Perfectly Imperfect

We are thrilled to welcome Kimberly VanderHorst to the Thinking Through Our Fingers family.


I’m going to make a possibly radical statement:

Technically perfect writing is not always the most compelling writing.

That’s a claim one could easily pick apart, but I think it holds a kernel of truth worthy of exploration.

Are you familiar with 
spoon theory? It’s a concept applied to those with chronic energy deficits due to physical or mental health issues. The idea is that you only get so many “spoons” every day, and that every action you take costs you precious spoons.


The same can be applied to writing. You only have so many writing spoons per day. You can spend your spoons on pouring new words onto the blank page, revising (which costs more spoons for some and less for others). You can spend a spoon trying to deepen your prose or strengthen characterization, or you could spend that same spoon (and a couple more besides) fussing over every, single, word, on every, single, page. 

I’m not saying meticulous revisions aren’t spoon-worthy. Line-by-line editing is my happy place. But I’m putting forward the hopefully-not-too-crazy notion that in striving to spread a shiny veneer of “perfect” over our writing, we sometimes pass up the opportunity to make our writing BETTER.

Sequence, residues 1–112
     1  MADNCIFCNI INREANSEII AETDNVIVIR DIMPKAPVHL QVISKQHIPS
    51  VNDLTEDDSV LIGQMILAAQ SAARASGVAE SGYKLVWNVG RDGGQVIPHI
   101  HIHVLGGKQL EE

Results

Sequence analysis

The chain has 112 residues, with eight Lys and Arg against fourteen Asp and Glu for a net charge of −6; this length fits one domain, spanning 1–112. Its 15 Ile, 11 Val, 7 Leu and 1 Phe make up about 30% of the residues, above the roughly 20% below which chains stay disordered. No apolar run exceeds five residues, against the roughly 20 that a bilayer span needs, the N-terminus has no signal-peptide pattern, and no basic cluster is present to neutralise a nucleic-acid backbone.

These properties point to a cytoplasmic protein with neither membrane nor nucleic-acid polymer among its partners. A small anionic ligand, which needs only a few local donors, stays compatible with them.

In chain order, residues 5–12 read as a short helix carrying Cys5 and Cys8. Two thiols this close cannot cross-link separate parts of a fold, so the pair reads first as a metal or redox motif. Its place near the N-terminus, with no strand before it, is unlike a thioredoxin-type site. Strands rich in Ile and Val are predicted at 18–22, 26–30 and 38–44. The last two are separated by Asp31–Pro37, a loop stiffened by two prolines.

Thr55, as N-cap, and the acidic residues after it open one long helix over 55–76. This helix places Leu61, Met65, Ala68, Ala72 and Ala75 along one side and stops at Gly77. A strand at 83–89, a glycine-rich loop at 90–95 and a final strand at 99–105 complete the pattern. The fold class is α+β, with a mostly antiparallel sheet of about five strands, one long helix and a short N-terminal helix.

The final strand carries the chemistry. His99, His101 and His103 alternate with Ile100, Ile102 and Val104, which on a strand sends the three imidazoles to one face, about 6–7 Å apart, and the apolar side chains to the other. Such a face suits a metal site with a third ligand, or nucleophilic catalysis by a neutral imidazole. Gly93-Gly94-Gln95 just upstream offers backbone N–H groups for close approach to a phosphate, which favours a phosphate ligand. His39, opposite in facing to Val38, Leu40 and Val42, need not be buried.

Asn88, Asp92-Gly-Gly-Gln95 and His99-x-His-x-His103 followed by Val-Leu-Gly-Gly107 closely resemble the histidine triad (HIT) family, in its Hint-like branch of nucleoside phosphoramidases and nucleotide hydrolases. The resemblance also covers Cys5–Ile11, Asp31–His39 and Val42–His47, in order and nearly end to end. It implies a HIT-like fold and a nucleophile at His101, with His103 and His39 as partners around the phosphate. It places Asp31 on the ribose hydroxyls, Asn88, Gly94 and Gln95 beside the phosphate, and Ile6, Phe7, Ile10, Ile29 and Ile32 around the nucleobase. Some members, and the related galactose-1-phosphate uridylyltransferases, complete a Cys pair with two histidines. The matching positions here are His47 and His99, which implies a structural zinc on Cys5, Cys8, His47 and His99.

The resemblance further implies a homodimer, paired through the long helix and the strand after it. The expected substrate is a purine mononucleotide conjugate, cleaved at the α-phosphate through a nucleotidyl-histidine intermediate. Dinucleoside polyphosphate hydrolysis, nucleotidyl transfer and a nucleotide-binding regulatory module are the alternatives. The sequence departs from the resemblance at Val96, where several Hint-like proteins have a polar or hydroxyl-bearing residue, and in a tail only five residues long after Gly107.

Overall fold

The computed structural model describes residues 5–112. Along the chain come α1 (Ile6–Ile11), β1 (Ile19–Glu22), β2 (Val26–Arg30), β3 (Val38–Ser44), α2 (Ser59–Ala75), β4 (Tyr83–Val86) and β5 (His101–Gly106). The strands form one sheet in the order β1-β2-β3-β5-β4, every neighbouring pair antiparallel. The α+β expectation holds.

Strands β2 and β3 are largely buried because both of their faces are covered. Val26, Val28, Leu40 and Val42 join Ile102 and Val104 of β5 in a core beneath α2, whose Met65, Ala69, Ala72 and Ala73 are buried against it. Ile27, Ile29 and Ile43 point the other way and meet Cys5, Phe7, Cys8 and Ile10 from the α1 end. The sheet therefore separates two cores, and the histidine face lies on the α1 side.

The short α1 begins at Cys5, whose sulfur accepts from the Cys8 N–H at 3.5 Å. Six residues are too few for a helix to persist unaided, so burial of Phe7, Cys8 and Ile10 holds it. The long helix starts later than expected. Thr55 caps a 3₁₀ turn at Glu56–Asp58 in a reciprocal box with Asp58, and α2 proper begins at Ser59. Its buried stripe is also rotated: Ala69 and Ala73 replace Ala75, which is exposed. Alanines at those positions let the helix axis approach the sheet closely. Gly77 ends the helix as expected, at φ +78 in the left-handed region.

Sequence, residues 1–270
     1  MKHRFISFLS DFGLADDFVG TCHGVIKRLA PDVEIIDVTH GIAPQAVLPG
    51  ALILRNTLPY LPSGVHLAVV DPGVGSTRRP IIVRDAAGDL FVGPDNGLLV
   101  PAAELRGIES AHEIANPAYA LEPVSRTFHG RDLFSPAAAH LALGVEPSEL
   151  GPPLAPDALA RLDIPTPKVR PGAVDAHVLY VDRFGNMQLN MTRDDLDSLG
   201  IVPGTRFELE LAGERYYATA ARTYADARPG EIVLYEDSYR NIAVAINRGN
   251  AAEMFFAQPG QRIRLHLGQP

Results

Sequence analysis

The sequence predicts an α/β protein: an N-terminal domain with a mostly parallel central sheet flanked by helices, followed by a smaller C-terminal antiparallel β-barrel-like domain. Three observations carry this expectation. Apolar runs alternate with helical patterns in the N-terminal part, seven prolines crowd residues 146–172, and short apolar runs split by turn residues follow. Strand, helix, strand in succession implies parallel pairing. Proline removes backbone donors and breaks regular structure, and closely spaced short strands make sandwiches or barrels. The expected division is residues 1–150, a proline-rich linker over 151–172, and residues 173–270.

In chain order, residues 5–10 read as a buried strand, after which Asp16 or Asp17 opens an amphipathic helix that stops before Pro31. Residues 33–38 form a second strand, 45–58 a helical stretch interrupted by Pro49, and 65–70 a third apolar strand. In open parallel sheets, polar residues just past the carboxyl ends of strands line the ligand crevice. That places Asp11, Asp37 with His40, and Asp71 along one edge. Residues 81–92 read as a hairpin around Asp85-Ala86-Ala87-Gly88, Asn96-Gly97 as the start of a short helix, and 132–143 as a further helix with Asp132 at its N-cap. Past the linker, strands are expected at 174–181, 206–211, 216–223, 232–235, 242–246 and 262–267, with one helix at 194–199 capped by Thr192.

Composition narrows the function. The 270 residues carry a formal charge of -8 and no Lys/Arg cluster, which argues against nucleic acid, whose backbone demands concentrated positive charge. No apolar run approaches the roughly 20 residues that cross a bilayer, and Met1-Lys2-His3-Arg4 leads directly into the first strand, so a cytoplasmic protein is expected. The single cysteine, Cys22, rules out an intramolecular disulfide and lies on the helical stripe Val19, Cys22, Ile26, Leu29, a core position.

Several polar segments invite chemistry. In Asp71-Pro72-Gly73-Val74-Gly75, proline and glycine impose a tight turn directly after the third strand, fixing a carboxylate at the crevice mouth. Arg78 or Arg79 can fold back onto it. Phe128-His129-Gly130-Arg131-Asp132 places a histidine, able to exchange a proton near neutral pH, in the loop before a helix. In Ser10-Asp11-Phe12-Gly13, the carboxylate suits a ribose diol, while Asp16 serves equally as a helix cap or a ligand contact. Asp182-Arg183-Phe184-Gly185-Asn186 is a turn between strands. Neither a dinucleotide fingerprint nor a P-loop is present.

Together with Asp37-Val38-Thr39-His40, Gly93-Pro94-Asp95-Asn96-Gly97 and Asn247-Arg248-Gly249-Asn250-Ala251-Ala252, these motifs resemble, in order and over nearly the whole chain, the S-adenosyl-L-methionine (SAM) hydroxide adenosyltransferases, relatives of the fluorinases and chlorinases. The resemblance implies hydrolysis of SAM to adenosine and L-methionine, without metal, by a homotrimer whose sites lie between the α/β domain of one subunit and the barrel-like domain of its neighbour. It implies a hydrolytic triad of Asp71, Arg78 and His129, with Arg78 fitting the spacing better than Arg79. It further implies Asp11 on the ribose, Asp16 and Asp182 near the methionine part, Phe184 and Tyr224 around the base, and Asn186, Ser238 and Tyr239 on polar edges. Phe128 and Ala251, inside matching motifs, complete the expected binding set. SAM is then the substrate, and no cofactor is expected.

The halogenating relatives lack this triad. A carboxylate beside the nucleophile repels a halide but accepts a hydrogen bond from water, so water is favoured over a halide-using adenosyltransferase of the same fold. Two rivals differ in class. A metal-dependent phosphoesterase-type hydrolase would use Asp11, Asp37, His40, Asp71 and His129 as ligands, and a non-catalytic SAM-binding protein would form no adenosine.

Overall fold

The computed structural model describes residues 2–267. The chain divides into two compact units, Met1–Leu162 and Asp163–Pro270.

It can be easier to tinker till everything is technically perfect, than to push deeper into our characters’ points of view and wring raw, wrecking prose from those depths. Leveling up our writing is hard, soul-wearying work, but personally, I prefer technically imperfect LEVEL 73 writing to polished-till-it-glows LEVEL 14 writing. 

That said, if I have a choice between LEVEL 73 riddled with typos and grammatical errors and technically perfect LEVEL 52 . . . Well, that gets a little tricky, doesn’t it? Just keep in mind that readers are looking for stories to live in, not frame behind glass. Strive to writer better, deeper, stronger. Don’t fuss with your semi-colons and em-dashes when you have a one-dimensional villain to develop. It’s worth the spoons. Promise.

Technical perfection is the icing on the cake, and man oh man do I LOVE icing. But make sure that cake has more than one layer and plenty of filling before you frost it.

And if you have a spoon left over, use it to eat your cake.


kimKimberly VanderHorst is a YA author who cherishes a love for all things quirky and strange. Claims to fame include running Prism Editing, co-hosting the annual Pitch Slam contest, and serving on the committees for the annual LDStorymakers Conference and The Whitney Awards program. Despite being a city girl with a tendency to cuss a lot, Kimberly is married to an LDS minister and lives in rural northern Canada. There, she helps raise their four lovely daughters while pretending not to be afraid of the neighbour’s chickens.